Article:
But it is not this home I wish to talk to you today; not the nest of pure beauty and clarity, that place of sea and greenness; of late gulls and moonlight, of foxes and hedgehogs. No, not now. Today, my soul roams the very place that surrounds my body. Today, there is not much clarity and very little purpose. The fog of confusion is strongest here, and the battle is most fierce. Much is felt here, yet very little discerned; there are too many shadows and not enough swords; there are too many barriers against feeling the unfelt and too many signs and signals to know the right way.

Oh, but it is so breathtaking… It is so calm, so deeply mine, and so haunting…

 * * *

After a long and sweet night with old friends, I woke up feeling raw and tender on the inside. It was a night of depth, of memories and stories. The gentle breeze, the garden lights, the freshness of the vines, and the darkness of the old familiar street — they all came together in a fragrant, colourful amalgam; and our souls were light and free. In moments like that friendships can be richly intoxicating — every uttered word is met with knowledge and joy, and each felt emotion is joined by knowing, loving siblings. Loneliness cannot exist in such environment; falsehood and hostility are banished.

In this old and richly deep place, late at night when my parents — my old family — are sleeping in the cool bowels of my childhood home; when my wife and child — my new family — rest in the rooms above; when the old friends are around me, merrily raising glasses — in those times, I feel truly happy and known…I am home at last.

But I wake, and there is longing again; I have dreamed, but my dreams fade too soon…

As I open my eyes, the breeze of my sweetest times gently kisses my face; I look up and see the deep sky, and before I have the chance to rise and become and adult, my heart is pierced, and I am defeated.

How is it that we can gaze in the heart of eternity and go about our business without batting an eyelid? How is it that we can stand in the presence of holiness, and not weep and fall on our faces in worship?

Tragic is the fate of the human trace; darkened and numb we have all become…

But I am returning, and though the road is strewn with pain, I am gradually arriving home. And the closer I get — the more I am pierced by the pain of grief and longing — the more hope and joy I also feel. Here, for a brief moment or two, I gaze upon the heart of Laughter…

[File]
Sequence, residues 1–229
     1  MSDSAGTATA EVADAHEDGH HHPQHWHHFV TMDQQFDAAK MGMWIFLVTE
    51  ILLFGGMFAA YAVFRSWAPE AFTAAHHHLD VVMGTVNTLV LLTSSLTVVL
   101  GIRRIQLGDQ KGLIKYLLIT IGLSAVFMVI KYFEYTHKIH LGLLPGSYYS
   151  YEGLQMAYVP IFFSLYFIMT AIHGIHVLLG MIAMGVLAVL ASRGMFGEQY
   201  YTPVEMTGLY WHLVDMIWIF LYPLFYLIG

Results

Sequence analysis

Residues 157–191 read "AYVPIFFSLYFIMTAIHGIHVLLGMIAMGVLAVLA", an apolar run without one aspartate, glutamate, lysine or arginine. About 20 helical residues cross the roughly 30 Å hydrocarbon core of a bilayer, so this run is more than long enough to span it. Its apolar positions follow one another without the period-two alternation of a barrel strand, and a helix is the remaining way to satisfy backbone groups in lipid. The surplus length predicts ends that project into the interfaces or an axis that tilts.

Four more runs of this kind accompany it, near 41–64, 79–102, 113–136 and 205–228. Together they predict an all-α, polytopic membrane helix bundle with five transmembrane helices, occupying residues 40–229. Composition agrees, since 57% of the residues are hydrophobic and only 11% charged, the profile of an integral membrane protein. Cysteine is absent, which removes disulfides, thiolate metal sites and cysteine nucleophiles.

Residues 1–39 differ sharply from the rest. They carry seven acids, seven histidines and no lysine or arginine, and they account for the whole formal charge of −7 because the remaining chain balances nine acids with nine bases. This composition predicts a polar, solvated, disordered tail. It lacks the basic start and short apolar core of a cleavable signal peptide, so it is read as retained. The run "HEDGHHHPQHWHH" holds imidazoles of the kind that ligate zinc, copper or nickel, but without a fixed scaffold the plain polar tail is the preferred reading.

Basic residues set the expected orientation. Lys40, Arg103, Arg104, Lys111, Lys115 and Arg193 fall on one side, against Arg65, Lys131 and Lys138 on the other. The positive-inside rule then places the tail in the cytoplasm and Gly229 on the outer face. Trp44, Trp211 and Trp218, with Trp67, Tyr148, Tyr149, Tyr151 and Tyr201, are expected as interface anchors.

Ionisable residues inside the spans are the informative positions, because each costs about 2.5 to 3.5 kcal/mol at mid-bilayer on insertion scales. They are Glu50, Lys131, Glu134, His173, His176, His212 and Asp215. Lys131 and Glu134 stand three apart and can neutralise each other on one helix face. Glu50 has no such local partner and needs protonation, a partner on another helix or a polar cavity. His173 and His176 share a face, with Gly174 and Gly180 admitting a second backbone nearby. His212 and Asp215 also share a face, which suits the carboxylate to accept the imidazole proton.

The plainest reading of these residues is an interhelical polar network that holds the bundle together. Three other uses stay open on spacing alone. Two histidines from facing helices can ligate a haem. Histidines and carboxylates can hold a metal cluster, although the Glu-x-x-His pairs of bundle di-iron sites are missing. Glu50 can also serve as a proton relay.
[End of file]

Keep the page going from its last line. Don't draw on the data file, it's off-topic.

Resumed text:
The sky that smiles at me in the morning also weeps, for I have gazed upon it when I was little — back when my soul had not yet succumbed to the numbness of the world. When I see that sky, and the roads, and the trees; when I bask into the warm dark air that surrounds my old home; when I hear the crickets and the laughter of my old friends — this is when joy is merged with grief…

Because I know that it would not last.

* * *

The message we have all been given by life, often too early, at the very start of our earthly sojourn, tell us that, as MacLean wrote, ‘life is not a work of art’, and that ‘the moment’ — the best moments of all goodness we would ever know in life — would ultimately not last.

Is it any wonder then, that we have all lost heart? Does it seem so strange that our race is locked in an endless cycle of reaching and grasping, endlessly trying to hold on to our best times and make them last, while keeping darkness and death at bay for as long as we can?

We have all been made for more, and deep down in our hearts, we know it — if it were not so, we would be content with our misery, and indeed not be miserable at all; for it is namely that — our misery in the face of mortality — which proves our hidden eternal design. We must therefore see these two messages — the ones that tell us that life is not a work of art, and goodness does not last — for what they are: lies.

The realm of my youth — the village and its hills, and the friends who still laugh as they once did — all of these things fill my heart with joy not because I want to return to my childhood — God forbid! No, but I long to come back to the heart I once had; the freer soul which was far more open and wondrous, far more aware of the deepest truths of life than the one I am bearing now. Then, I was closer to the Promise…

Yes, children know, and this is why the world is ever set against them; this is why their knowledge of eternity is quickly shamed and silenced, long before they are old enough to see the lies. This is why we have all become wraiths…